Even if you haven’t heard of botnets, you’ll almost certainly be familiar with the havoc they can cause. Cybercriminals use them to perpetuate mass-scale data theft, bombarding people with spam or forcing entire networks offline in high-profile Distributed Denial of Service (DDoS) attacks. Worryingly, today’s burgeoning volume of internet-enabled domestic devices is making bot networks far easier to assemble and control…
United by fate
A botnet comprises a network of computers or digital devices, all infected with malicious software (known as malware) that enables remote users to harness their processing power and internet connections. The largest network yet recorded (BredoLab) combined the resources of 30 million computers into an email spam network, distributing messages with malware attachments capable of placing the resources of infected devices at the hackers’ disposal.
Other networks can have more sinister intentions than simply hogging processing power:
- DDoS attacks force services offline when servers receive massive traffic volumes.
- Bot networks can harvest financial data, such as login credentials for online banking.
- Vast amounts of personal information can be stolen for identity fraud purposes.
- Networks may undertake illicit large-scale mining of digital currencies like Bitcoin.
One of the most common reasons for assembling a botnet involves distributing spam emails. Srizbi was estimated to have sent 60% of the world’s spam messages at one stage, while Cutwail was firing out a million junk messages per minute at its peak. Back in 2010, email’s future looked perilous as a handful of computer networks threatened to drown legitimate communications in a sea of spam.
Depressingly, this battle is still ongoing. Spam volumes hit two-year highs in summer 2017, accounting for almost 55% of global email messages. There are around 60 million different types of malware emails presently in circulation, each posing a slightly different threat. From tech support to charity requests, consumers have to approach any unsolicited message from an unknown person with considerable caution. And this trepidation is having a damaging effect on legitimate activities, including email marketing.
The enemy within
If all this seems a world away from your beloved iMac or Chromebook, it’s unfortunately closer to home than you might think. Hackers are enthusiastically embracing a new front in our homes and workplaces, with an estimated 8.4 billion connected devices comprising the Internet of Things. From app-controlled toys to ‘smart’ kitchen devices, any machine with internet connectivity can be incorporated into a botnet. Basic products like web-enabled bathroom scales and CCTV cameras are ripe for subjugation, with low pricing and limited processor capacity meaning they rarely have security integrated as standard. Even if they do, the latest Reaper botnet can get past flimsy defenses and weak passwords, many of which are still manufacturer defaults like ‘1234’.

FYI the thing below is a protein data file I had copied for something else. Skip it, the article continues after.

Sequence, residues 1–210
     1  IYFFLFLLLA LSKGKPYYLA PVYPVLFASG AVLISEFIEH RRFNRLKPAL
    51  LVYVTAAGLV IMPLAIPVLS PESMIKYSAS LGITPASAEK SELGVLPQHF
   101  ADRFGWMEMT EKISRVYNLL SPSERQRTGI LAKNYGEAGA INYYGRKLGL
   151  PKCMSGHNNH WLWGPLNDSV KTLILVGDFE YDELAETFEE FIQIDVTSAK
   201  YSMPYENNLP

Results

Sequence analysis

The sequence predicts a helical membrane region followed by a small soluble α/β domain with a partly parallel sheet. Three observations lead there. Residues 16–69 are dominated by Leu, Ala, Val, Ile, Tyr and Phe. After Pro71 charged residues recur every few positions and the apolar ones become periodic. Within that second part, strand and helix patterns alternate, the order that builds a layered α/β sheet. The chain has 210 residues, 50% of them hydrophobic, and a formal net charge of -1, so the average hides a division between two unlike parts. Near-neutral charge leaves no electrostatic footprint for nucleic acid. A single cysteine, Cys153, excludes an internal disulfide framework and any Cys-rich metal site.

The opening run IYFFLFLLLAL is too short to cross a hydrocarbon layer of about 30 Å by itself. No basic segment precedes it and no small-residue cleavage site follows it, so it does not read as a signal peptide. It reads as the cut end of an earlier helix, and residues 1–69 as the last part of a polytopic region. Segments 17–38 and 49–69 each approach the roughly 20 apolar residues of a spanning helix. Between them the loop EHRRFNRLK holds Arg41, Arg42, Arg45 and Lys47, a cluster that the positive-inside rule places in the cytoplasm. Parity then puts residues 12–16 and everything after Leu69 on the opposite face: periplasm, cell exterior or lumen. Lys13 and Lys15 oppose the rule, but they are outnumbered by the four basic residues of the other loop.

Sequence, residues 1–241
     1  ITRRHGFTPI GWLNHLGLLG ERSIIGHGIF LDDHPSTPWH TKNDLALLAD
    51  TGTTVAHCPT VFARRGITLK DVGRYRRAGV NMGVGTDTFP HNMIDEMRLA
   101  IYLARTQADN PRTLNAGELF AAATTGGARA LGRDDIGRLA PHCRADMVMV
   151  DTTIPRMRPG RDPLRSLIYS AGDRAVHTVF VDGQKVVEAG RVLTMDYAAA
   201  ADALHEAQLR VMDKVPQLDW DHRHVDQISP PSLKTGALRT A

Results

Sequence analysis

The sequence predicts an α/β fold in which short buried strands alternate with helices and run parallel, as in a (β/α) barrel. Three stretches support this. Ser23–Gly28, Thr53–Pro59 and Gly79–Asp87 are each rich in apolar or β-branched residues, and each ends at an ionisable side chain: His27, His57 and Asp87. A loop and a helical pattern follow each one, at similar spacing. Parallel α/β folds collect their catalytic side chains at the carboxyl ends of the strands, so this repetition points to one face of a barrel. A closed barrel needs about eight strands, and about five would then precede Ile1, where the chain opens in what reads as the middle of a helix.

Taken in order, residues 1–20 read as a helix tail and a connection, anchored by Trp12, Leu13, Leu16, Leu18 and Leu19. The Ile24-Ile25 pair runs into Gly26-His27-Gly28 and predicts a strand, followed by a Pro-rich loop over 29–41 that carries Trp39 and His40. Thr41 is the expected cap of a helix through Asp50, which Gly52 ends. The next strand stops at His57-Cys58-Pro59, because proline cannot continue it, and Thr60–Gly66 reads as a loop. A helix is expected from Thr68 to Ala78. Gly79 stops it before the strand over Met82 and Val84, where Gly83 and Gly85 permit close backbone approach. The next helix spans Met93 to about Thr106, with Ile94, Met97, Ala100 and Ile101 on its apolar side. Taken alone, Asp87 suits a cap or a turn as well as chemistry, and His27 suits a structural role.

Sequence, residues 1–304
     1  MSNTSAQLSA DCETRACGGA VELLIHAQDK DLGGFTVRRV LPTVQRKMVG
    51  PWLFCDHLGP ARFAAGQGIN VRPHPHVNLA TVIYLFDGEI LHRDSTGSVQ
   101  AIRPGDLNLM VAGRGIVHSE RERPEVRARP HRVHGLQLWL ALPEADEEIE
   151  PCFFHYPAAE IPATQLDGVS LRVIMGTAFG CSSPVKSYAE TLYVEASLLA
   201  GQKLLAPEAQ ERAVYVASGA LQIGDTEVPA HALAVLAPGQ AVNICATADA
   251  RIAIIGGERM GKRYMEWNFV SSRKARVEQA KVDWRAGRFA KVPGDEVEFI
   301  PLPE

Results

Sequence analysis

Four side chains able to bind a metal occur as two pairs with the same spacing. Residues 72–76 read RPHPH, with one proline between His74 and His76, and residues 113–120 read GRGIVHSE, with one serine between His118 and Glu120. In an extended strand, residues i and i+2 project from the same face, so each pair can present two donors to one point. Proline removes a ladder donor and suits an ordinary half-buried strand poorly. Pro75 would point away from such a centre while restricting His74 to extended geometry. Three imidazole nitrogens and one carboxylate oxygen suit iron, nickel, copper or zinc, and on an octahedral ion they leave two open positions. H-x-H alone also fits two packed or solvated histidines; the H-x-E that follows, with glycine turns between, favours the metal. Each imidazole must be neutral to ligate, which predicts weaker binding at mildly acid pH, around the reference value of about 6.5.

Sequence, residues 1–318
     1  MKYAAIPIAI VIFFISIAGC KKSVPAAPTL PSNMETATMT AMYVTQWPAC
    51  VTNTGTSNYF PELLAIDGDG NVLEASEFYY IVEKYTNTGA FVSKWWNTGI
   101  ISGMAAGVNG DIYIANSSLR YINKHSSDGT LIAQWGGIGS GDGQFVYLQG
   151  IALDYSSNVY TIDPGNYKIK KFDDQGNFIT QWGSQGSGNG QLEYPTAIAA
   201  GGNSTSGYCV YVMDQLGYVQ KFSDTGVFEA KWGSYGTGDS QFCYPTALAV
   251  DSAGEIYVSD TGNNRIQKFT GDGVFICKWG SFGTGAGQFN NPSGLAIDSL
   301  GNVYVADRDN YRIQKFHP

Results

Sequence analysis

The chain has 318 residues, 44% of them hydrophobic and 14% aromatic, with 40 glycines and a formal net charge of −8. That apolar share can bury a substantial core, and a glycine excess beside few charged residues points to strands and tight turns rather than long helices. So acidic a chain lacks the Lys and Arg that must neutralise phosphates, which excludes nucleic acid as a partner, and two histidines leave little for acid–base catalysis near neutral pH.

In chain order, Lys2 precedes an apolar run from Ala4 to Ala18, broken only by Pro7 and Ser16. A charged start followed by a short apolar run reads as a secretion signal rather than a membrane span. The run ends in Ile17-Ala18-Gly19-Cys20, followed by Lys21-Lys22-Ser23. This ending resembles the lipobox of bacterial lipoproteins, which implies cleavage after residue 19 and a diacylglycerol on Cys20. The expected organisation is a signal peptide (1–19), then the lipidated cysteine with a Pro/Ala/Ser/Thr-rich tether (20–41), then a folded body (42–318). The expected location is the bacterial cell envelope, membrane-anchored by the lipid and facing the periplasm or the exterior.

With the number of IoT-enabled devices expected to hit 20 billion by 2020, this represents a quantum leap in terms of the processing power available to cybercriminals. Meanwhile, IoT hardware manufacturers seem oblivious to these unfolding dangers, forcing consumers to protect themselves.
Here are the steps individuals need to take to avoid their computers or web-enabled devices falling under the malign influence of a bot:
- Until manufacturers take these risks more seriously, try to avoid purchasing hardware without any built-in security.
- Use sophisticated antivirus software on every desktop and portable computer, tablet or smartphone – the Android OS in particular is increasingly being targeted by hackers.
- Install dedicated IoT security like BullGuard’s Dojo, which protects all Wi-Fi-enabled devices against malware or viruses.
- Deploy a firewall and/or a proxy server for your network. These complex barriers make it far harder for criminals to gain access.
- Reset any passwords on IoT devices. If the password is ‘password’, or anything equally obvious, change it!
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